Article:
“The retail space at the bus terminal is, just like Grand Central Terminal, extraordinarily valuable,” said Port Authority Executive Director Patrick Foye.

The Port Authority terminal, however, lacks the grandeur that has made Grand Central Terminal a tourist destination as well as a commuter hub. Some 750,000 people pass through Grand Central each day.

The Port Authority is investing $90 million to improve the hulking bus terminal, which stretches between West 40th and West 42nd streets and between Eighth and Ninth avenues.

The money will pay for improvements such as an additional bypass lane to improve inbound bus traffic, ceiling repairs, upgrades to escalators, elevators and vestibules and better cellular and Wi-Fi service.

Vacant retail space in the south building of the Port Authority Bus Terminal in Midtown

The changes to the retail space at the bus station will come gradually, as new tenants invest to build out their shops to higher standards, said Steven Soutendijk, Cushman & Wakefield executive director, who is part of the bus terminal’s leasing team. Existing tenants that renew also will be required to renovate their shops to new standards.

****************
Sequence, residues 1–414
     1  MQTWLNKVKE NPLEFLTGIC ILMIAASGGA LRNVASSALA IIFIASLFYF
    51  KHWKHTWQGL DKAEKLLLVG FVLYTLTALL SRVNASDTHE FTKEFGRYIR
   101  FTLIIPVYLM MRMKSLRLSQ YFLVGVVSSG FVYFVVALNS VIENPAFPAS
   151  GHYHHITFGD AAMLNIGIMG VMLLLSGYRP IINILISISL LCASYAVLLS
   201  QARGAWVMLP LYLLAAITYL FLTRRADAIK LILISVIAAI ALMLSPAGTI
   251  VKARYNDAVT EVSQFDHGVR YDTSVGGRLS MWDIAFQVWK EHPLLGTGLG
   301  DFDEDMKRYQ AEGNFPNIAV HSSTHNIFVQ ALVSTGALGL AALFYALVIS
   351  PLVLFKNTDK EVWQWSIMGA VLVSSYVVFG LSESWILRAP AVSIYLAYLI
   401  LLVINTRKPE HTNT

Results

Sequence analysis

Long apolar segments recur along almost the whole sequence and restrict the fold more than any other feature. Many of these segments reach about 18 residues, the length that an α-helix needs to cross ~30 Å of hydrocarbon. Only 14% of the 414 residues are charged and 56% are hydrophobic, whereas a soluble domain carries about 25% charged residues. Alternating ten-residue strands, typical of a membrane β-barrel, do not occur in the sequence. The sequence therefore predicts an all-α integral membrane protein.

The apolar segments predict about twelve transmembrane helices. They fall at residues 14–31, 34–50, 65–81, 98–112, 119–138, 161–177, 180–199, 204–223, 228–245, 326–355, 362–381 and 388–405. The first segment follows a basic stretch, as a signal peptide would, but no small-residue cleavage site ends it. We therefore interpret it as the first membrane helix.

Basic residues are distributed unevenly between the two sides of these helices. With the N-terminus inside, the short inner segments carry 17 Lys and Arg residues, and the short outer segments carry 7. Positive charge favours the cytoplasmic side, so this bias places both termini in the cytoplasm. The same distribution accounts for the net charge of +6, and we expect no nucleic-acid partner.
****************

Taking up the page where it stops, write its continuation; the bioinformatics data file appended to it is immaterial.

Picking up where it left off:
An upgraded tenant mix won’t necessarily mean retailers selling higher-price products, he said. “We’re not making this a luxury mall,” he said. “We recognize there has to be affordable options, amenities for commuters.”

The heavy foot traffic at transit hubs have made them desirable locations for certain retailers. Grand Central Terminal’s 145,000 square feet of retail space is usually 100% occupied, said Nancy Marshall, who handles leasing at the terminal.

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Push to Replace Port Authority Bus Terminal

New depot is estimated to cost up to $11 billion

The interior level of Port Authority Bus Terminal. PHOTO: RAMSAY DE GIVE FOR THE WALL STREET JOURNAL

By Andrew Tangel on March 17, 2015 12:47 p.m. ET

When the Port Authority Bus Terminal opened in 1950, it helped New York City funnel a growing number of buses carrying commuters into Manhattan’s West Side.

Today, the terminal west of Times Square is a major chokepoint for bus traffic from New Jersey suburbs. Commuters complain of delays, crowding and a dreary environment.